In Lumines, your mistakes are golden

For two games that are pretty much nothing alike, it’s suprisingly easy to find yourself pondering the differences, large and small, between Tetris and Lumines. Yes, one is a marathon while the other is a sprint. And yes, one is about things that collapse while the other is about things that, often maddeningly, remain fixed in place. Playing Lumines Remastered over the weekend, though, sat cross-legged on the bed as though it was 2005 all over again, I was struck by a new point of difference – or rather an old point of difference that I had simply never really noticed before. Something about the texture of your mistakes, I think. Oh yes, it’s this: your mistakes feel very different in Tetris and Lumines.

A mistake in Tetris is a terrible thing indeed. This is because of the sprint-like nature, I guess, the fact that Tetris is really the survival horror of the puzzle world. Mistakes stick around in Tetris for a very long time: those gaps remain in the bedrock beneath you, a bit like a group of old friends who are always ready to remind you of a terrible faux pas you made when you were 12 (just me?). The mixture of sprint and fixed in place means that Tetris doesn’t forget anything. And it in turns means so much of the game is spent trying to undo earlier mistakes in a bit of a sweaty panic. And of course, because you’re in a sweaty panic you make more mistakes. Tetris thrives on mistakes.

So does Lumines, I think, but in Lumines your mistakes are often on your side. Lumines isn’t about building a wall to unbuild a wall, it’s about growing territory of a certain colour. You rotate the coloured sections of the blocks that fall so that the two colours for each stage will match up harmoniously before the timeline sweeps through. This is why some people get a bit bored with Lumines. They think you can beat the game indefinitely by dividing the screen up into sections and storing block types in specific silos, and inching your way to victory. I have never played golf, but I wonder if these Lumines min-maxers also turn up at Pebble Beach in early Spring or whenever it is people play golf and ask Ed “Porky” Oliver – I Googled him – if he’d considered just faxing the ball over to the hole.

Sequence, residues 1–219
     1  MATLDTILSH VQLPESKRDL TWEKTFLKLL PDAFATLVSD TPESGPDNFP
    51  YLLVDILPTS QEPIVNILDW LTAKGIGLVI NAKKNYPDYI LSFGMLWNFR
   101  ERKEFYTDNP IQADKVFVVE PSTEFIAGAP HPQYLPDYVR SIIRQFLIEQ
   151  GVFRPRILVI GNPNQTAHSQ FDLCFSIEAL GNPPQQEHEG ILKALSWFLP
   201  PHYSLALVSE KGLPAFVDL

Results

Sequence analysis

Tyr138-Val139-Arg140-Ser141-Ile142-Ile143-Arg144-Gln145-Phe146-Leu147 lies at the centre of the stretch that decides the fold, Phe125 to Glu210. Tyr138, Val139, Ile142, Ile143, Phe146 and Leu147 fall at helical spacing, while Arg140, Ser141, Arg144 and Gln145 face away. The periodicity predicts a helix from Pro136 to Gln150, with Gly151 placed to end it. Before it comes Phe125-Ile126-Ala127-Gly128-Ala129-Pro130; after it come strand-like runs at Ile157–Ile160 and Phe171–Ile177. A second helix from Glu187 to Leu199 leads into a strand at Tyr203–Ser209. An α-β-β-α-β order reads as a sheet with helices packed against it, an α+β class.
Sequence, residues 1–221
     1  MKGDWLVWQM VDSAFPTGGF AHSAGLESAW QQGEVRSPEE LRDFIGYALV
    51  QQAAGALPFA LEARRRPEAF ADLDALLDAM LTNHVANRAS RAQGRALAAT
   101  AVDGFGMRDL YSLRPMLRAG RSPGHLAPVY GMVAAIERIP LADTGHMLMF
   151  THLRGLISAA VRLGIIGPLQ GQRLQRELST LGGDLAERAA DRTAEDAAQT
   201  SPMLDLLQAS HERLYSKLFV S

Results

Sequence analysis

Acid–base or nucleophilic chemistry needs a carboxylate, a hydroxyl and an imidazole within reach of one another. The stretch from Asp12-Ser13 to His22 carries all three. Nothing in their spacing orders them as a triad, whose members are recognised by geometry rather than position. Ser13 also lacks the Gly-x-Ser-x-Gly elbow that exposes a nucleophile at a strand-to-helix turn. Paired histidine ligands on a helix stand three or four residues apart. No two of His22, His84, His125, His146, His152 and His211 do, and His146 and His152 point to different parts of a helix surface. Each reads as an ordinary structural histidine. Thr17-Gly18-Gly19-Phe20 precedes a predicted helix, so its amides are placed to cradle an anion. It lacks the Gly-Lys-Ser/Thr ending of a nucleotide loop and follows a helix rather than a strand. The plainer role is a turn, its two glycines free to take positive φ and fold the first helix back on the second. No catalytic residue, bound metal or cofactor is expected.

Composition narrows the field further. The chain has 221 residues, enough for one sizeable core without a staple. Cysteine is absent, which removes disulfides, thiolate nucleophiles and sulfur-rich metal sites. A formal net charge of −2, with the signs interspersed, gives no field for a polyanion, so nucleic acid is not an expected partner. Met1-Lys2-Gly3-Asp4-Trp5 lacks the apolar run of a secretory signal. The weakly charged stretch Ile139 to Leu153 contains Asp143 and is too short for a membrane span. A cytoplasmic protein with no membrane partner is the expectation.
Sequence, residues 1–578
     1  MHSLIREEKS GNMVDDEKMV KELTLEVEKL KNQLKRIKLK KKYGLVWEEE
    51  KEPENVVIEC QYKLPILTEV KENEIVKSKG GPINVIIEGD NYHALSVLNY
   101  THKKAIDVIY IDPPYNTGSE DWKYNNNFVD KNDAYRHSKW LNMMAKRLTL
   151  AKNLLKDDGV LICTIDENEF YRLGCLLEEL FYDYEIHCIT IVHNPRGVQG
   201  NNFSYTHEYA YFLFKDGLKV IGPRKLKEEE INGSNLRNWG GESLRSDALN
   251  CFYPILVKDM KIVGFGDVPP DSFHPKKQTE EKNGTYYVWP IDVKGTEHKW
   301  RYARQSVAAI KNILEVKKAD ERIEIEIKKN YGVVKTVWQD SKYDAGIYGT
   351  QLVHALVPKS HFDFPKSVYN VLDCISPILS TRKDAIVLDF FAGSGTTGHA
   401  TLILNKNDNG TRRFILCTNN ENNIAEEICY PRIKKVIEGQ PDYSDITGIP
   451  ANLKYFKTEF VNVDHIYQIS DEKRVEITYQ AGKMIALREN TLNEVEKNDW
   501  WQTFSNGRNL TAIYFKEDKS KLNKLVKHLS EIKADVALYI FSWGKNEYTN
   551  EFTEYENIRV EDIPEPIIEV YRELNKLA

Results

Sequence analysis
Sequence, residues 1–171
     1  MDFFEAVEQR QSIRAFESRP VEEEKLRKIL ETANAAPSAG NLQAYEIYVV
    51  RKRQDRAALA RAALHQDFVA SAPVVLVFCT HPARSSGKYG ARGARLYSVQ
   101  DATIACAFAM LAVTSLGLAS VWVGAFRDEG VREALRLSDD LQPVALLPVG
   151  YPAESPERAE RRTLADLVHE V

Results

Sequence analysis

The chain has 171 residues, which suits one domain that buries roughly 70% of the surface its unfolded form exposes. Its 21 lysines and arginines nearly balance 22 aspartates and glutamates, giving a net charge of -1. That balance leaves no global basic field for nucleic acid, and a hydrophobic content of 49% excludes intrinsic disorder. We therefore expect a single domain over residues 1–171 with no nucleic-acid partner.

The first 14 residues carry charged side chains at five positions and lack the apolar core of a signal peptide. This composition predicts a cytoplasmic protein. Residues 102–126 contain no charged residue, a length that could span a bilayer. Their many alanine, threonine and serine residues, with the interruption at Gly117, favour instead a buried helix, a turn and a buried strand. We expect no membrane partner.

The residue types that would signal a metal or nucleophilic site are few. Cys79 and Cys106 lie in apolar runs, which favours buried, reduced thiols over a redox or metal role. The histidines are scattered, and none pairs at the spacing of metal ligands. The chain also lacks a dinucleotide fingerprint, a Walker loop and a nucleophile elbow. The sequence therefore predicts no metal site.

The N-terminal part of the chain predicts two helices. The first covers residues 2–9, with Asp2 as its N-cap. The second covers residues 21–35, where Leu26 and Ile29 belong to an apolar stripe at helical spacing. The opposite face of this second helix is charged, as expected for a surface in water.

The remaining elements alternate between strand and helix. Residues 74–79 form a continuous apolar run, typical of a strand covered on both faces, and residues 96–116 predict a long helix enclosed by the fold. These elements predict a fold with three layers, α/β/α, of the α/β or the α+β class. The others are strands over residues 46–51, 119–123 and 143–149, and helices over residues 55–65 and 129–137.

The genius of Lumines only really becomes apparent once the game is alive, and this means, for better or worse, once you’ve made a bunch of mistakes and have a right load of synaesthesic rubble laid out before you. This rubble will be made up of coloured squares that are so mixed together that they cannot clump into groups. They cannot, to mangle Stoppard, be stirred together. But you must stir them together, and luckily Lumines has a brilliant way of doing just this. I forget what it’s actually called, but in our house it’s always known as the fuse block, or simply dynamite.

Dynamite is the square that has a little flickering cross on it. It’s the same cross, it always seems, that I find myself looking at at the opticians when they’re explaining to me that my left eye has pretty much been taking it easy since I was eleven. This cross means that if you match it with other squares of a similar colour you don’t need to form 2×2 chains in order for the timeline to clear them. You can form a long, snaking, tumbling chain of single blocks, as long as they are uninterrupted.

What power! What game-changing power. And there are two ways to handle it. You could min-max this, of course, and I always try to at the start of each game, laying a funny little route of orange through the white meat of the opening level, and waiting for the dynamite block to touch it off. But eventually that plan goes wrong and I’m into the second approach – throwing dynamite blocks wildly into the mixed-up rubble of my past mistakes whenever they become available. Sometimes you get nothing, a catherine wheel that refuses to send out anything but a few sparks. Sometimes, though, you get extravagantly lucky and a path that you never even spotted suddenly announces itself, coursing back and forth across the entire screen before the timeline ignites it and the whole thing collapses. At times, Lumines becomes a hymn to mistakes: your mistakes really come alive and reward you.

Gloriously, because you are removing blocks of one colour with dynamite, the collapse often kicks off a gigantic multiplier of the remaining colour. God, it is a beautiful thing. It’s a reminder that Lumines, deep down, is really a game about mining, about laying a long fuse through rock and then touching it off. In its own rigid way, Tetris is about mining too, I think, and so is Drop7. Maybe all the really good falling block games are secretly about the pleasures of digging down into the earth and emerging with treasures.

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